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Crujeiras AB, Parra D, Abete I, Martínez JA. A hypocaloric diet enriched in legumes specifically mitigates lipid peroxidation in obese subjects. Free Radic Res. 2007 Apr; 41 (4): 498-506.

PubMed ID: 17454132
Study Design:
Randomized Controlled Trial
A - Click here for explanation of classification scheme.
NEL Bias Assessment Tool (BAT):
NEUTRAL: See Research Design and Implementation Criteria Checklist below.
Research Purpose:

To determine if a hyopoclaoric diet high in non-soybean legumes would decrease oxidative stress in obese subjects in addition to the know effects associated with weight loss, especially in relation to lipid peroxidation.

Inclusion Criteria:
  • obese men and women
  • Good health history as determined by physical examination and routine laboratory tests.
Exclusion Criteria:
  • Weight fluctuation at least 3kg in the past three months
  • Taking prescription medication in the last three months
  • Taking supplemental vitamins or minerals during the last three months.
Description of Study Protocol:


Recruitment was through local advertisements


  • Subjects were randomized into two groups
  • Before and after nutritional intervention body weight was measured and fasted blood and eight-hour urine samples were taken
  • total blood cholesterol (TC) and oxidative stress markers were measured at baseline and after diet intervention.

Dietary Intake/Dietary Assessment Methodology  

  • Dietary compliance was monitored using three-day weighted diet diaries
  • Total antioxidant capacity (TAC) was calculated using the total antioxidant concentration of each food.

Blinding Used

Though not explicitly stated, it is assumed that the laboratory assessments were not correlated by group and therefore essentially blinded.


  • Each group received a hypocaloric diet for eight weeks which was designed to produce a caloric restriction of -30% as determined by individual measurement of resting energy expenditure by indirect calorimetry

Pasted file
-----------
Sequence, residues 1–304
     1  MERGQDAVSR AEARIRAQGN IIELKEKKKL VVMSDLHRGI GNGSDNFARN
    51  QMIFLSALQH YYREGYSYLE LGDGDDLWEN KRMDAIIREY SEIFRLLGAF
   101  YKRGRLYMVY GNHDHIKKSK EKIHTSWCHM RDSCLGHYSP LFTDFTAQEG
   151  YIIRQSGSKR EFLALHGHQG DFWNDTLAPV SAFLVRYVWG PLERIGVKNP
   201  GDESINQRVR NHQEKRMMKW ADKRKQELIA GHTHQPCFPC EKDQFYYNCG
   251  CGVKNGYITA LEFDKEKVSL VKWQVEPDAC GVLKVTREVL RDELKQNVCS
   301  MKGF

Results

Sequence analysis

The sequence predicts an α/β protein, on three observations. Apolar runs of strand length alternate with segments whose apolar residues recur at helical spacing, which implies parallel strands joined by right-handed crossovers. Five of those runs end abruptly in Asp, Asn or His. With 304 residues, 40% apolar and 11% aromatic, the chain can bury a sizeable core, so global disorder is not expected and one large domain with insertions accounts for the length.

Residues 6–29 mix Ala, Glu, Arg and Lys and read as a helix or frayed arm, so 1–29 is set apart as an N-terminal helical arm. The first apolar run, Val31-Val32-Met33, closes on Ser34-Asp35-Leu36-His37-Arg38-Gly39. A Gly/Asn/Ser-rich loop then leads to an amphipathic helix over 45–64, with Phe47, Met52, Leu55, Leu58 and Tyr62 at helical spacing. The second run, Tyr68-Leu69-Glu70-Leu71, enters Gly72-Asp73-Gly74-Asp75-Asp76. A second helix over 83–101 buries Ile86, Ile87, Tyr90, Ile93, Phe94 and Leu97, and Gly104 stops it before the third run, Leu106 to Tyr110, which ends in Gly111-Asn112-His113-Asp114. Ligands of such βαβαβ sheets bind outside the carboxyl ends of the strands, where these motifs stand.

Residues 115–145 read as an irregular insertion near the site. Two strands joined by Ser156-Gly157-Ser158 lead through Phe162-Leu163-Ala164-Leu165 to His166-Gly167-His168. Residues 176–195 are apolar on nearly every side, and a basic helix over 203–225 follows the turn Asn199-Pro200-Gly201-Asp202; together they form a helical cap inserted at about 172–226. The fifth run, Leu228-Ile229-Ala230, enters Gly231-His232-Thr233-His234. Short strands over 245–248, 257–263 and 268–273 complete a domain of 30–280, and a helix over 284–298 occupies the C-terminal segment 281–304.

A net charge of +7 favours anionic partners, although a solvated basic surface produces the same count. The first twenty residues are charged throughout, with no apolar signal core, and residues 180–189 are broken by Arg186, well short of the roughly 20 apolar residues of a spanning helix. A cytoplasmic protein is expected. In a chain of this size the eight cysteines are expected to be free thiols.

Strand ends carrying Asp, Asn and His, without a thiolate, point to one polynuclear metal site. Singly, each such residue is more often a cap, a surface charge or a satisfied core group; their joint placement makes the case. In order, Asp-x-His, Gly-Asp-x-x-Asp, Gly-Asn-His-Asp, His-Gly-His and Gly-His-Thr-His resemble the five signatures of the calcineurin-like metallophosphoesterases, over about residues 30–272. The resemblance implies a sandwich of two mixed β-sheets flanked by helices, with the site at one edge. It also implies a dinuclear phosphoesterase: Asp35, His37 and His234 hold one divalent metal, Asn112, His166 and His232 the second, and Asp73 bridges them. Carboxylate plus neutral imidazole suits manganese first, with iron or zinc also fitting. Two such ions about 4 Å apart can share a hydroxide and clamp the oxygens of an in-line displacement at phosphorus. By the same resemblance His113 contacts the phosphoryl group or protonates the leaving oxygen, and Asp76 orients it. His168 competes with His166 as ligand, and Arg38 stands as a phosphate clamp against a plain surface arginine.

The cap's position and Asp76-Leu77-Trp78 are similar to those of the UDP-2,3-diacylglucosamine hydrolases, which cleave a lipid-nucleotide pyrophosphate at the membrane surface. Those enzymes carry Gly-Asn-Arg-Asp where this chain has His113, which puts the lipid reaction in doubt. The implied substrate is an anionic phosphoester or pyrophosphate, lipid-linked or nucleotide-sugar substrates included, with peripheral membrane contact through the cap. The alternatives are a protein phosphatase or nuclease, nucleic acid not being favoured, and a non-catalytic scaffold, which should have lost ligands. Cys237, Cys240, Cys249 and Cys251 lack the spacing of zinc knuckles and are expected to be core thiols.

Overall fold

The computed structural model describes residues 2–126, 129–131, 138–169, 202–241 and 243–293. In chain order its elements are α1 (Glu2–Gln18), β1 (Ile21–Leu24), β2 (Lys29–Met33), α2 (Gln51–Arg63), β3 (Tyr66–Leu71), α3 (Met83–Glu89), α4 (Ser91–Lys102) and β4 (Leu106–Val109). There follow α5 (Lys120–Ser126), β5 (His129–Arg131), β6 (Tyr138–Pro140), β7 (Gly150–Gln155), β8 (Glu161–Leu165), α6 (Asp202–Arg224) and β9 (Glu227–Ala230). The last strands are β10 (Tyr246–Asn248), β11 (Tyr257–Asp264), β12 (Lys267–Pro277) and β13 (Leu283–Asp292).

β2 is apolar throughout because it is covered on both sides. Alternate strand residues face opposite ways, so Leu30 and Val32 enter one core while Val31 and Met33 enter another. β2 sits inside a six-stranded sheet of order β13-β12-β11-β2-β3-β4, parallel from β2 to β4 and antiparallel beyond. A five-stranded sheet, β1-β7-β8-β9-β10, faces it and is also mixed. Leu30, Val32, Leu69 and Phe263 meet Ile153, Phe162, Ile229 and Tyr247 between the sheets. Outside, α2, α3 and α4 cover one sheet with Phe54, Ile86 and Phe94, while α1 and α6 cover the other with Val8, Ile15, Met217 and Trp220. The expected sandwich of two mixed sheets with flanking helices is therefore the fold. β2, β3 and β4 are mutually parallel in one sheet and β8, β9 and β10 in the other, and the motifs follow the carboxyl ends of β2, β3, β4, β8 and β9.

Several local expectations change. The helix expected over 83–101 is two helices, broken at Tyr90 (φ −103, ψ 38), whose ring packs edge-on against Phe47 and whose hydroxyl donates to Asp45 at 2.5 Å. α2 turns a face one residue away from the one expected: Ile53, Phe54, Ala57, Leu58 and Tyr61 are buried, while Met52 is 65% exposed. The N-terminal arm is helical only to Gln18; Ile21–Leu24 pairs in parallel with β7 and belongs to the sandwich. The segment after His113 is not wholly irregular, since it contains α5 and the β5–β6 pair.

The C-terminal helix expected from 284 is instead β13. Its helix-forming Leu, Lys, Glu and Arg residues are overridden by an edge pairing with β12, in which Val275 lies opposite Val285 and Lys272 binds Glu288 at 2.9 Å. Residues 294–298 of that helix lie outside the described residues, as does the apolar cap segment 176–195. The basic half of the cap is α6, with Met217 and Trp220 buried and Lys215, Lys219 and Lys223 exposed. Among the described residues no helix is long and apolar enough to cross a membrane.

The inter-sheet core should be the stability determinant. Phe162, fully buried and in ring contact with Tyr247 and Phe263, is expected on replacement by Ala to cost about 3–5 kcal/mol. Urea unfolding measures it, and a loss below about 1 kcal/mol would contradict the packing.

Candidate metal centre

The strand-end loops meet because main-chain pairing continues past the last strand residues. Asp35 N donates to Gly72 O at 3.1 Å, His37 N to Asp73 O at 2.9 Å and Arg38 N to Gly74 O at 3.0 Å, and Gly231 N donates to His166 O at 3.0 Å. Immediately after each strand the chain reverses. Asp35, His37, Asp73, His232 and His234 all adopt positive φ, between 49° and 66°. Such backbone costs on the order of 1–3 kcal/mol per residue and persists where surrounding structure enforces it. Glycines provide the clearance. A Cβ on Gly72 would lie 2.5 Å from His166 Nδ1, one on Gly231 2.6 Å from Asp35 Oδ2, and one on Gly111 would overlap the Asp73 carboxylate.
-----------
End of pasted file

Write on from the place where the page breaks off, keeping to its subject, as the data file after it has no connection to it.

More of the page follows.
• Control group did not receive legumes in the diet
  • Study group received non-soybean legumes four days per week
  • The macronutrient distributions of both diets were similar
    • 50% energy from carbohydrate (CHO)
    • 20% energy from protein
    • 30% energy from lipids.

Statistical Analysis

Sample size was determined based on published values of the standard deviation (SD) for serum malondialdehyde (MDA)

  • Student T-test was used to detect differences before and after weight loss and the differences between diet response
  • Pearson coefficient was used to determine associations between weight loss and changes in total cholesterol and oxidative stress markers
  • Spearman test was used to identify associations between biochemical variables and dietary TAC and fiber
  • Multivariate linear regression models were used to explain differences in oxidative stress biomarkers in relation to diet or TAC adjusted for energy intake, weight loss and total cholesterol changes
  • Since there was no statistical differences between dietary groups (P=0.10) regression models were not used to adjust for possible confounders of gender, body mass index (BMI) or age.


Data Collection Summary:

Timing of Measurements

Measurements were taken at baseline and after eight weeks of diet modification.

Dependent Variables

  • Variable 1: Weight
  • Variable 2: TC, HDL, triglyceride (TG), glucose, uric acid, and total bilirubin were measured by calorimetric assays, plasma LDL data were calculated using the Friedewald equation